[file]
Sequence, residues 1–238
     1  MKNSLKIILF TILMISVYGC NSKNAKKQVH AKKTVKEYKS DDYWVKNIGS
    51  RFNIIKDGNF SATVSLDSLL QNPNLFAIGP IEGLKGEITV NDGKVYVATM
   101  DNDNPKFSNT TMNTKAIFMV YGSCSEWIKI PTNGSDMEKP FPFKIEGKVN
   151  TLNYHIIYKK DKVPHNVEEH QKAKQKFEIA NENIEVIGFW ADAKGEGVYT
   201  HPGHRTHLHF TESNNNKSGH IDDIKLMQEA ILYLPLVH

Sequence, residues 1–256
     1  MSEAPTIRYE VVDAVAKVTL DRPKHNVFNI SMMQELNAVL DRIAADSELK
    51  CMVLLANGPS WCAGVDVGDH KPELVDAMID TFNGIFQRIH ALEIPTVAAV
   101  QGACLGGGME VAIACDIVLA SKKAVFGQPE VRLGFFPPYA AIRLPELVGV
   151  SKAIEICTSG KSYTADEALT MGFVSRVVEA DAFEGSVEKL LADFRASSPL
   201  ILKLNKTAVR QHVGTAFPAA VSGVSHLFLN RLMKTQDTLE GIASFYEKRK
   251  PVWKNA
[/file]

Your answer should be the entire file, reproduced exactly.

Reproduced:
Sequence, residues 1–238
     1  MKNSLKIILF TILMISVYGC NSKNAKKQVH AKKTVKEYKS DDYWVKNIGS
    51  RFNIIKDGNF SATVSLDSLL QNPNLFAIGP IEGLKGEITV NDGKVYVATM
   101  DNDNPKFSNT TMNTKAIFMV YGSCSEWIKI PTNGSDMEKP FPFKIEGKVN
   151  TLNYHIIYKK DKVPHNVEEH QKAKQKFEIA NENIEVIGFW ADAKGEGVYT
   201  HPGHRTHLHF TESNNNKSGH IDDIKLMQEA ILYLPLVH

Sequence, residues 1–256
     1  MSEAPTIRYE VVDAVAKVTL DRPKHNVFNI SMMQELNAVL DRIAADSELK
    51  CMVLLANGPS WCAGVDVGDH KPELVDAMID TFNGIFQRIH ALEIPTVAAV
   101  QGACLGGGME VAIACDIVLA SKKAVFGQPE VRLGFFPPYA AIRLPELVGV
   151  SKAIEICTSG KSYTADEALT MGFVSRVVEA DAFEGSVEKL LADFRASSPL
   201  ILKLNKTAVR QHVGTAFPAA VSGVSHLFLN RLMKTQDTLE GIASFYEKRK
   251  PVWKNA